A Semicolon Gives Pause—and Order
- On February 9, 2016
A friend presented me with the following two sentences and asked, “Which is correct?”
• “I walked; talking nonstop about anything to distract myself from the pain.”
• “I walked, talking nonstop about anything to distract myself from the pain.”
The second sentence—the version with the comma, not the semicolon—is the correct choice.
The semicolon can function in two ways. First, it connects two closely related independent clauses, which are complete thoughts that could stand on their own as sentences. In this role, the mark is acting like a yellow traffic light. You’re using it when you don’t want to bring your thought to a full stop; you just want to pause before adding a related thought. (As you can see, I did it just there.) Here’s another example: Her speeches on the campaign trail aren’t simple; they are actually incredibly complicated. (That’s from an article about the way Sarah Palin talks—in and of itself, fodder for a year’s worth of bulletins!)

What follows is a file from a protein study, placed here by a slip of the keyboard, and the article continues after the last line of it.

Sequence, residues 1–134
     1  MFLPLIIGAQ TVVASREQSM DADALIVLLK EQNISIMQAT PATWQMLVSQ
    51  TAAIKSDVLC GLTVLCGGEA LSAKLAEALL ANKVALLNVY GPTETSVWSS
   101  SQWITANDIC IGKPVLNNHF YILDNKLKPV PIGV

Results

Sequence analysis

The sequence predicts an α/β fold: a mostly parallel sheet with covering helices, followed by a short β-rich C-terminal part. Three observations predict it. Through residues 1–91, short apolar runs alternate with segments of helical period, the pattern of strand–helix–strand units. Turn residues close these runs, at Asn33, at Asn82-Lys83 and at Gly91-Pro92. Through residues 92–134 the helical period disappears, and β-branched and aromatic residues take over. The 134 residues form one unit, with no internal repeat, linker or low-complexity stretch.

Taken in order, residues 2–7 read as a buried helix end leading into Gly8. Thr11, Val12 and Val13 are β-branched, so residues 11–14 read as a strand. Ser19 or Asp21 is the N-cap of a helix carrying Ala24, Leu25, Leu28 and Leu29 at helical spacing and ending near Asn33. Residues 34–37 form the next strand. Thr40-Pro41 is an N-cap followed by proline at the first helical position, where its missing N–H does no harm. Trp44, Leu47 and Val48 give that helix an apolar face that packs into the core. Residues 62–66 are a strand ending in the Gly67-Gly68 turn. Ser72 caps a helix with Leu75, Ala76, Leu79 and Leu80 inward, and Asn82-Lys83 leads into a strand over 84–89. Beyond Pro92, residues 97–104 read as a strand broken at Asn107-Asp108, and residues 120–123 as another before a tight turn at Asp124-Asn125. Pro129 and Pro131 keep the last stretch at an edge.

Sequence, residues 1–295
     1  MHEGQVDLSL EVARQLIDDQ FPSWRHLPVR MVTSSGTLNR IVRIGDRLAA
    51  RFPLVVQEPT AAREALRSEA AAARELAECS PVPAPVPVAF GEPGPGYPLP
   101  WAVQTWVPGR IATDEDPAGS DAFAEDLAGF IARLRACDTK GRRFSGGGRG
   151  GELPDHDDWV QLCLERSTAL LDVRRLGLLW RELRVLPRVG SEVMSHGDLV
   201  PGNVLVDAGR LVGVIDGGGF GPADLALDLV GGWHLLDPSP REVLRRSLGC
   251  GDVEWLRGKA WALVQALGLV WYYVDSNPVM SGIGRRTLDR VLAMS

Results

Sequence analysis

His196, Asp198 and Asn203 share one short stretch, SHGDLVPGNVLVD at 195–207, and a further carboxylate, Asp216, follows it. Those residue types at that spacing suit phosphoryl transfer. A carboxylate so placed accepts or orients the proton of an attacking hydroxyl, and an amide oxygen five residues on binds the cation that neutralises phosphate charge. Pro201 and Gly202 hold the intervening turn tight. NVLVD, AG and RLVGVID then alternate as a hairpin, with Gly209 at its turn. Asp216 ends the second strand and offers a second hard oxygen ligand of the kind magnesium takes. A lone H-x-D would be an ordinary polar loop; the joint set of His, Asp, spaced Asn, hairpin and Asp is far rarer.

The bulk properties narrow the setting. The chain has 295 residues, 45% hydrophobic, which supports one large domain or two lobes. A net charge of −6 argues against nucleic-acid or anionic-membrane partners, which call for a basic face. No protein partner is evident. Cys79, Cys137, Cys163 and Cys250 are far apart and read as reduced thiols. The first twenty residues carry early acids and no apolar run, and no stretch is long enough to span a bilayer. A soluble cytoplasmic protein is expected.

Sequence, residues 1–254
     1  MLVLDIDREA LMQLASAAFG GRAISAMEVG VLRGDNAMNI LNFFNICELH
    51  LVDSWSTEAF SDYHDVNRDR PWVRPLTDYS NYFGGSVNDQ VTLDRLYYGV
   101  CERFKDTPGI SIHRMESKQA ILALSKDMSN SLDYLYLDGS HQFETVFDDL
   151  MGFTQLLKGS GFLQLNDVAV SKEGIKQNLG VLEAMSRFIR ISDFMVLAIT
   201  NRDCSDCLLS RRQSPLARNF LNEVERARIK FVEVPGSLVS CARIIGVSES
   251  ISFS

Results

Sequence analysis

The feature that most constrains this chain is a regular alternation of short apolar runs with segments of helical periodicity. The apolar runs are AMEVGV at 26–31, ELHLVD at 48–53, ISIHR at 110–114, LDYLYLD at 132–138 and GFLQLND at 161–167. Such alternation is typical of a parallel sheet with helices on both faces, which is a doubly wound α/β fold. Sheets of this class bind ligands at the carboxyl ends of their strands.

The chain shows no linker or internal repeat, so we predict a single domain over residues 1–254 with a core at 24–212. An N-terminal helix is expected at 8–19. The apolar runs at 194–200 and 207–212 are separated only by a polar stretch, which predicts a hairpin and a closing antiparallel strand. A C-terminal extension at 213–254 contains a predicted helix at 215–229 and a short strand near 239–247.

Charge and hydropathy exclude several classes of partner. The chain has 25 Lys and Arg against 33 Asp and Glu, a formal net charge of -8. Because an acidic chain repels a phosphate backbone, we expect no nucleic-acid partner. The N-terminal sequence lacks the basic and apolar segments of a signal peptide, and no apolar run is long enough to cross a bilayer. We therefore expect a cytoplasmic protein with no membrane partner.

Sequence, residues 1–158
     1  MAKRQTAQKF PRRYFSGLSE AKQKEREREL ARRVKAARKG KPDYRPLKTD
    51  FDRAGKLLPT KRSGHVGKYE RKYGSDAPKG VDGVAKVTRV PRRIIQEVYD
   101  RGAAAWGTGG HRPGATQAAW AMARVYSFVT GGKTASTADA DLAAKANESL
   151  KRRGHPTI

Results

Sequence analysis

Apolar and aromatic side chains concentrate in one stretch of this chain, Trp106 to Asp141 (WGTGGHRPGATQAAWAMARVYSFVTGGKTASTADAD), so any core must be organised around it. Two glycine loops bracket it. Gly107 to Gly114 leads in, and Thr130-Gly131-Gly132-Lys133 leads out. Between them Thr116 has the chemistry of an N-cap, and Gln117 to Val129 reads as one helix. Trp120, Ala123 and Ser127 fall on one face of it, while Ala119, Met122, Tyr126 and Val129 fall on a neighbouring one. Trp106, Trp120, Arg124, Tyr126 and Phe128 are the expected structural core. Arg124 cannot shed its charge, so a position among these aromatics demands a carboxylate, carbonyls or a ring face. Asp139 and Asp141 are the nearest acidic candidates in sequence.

Here’s one more thing about this first usage. When you use words like however, therefore, besides, indeed, and namely to separate your independent clauses, you also use a semicolon. I came across this example in a write-up of survey results: Only 12 percent of business leaders have programs to build a strong corporate culture; however, even fewer rate themselves as excellent at measuring and improving employee engagement and retention.
The semicolon’s second function is to separate items in a list when the items listed contain their own internal commas, as in: The killer was never found, despite an international manhunt; unverified sightings in places as far-flung as Australia, Colombia, India, Paraguay, the United States and New Zealand; and endless conspiracy theories. (That juicy line is from an article about a British aristocrat who killed his children’s nanny and escaped.)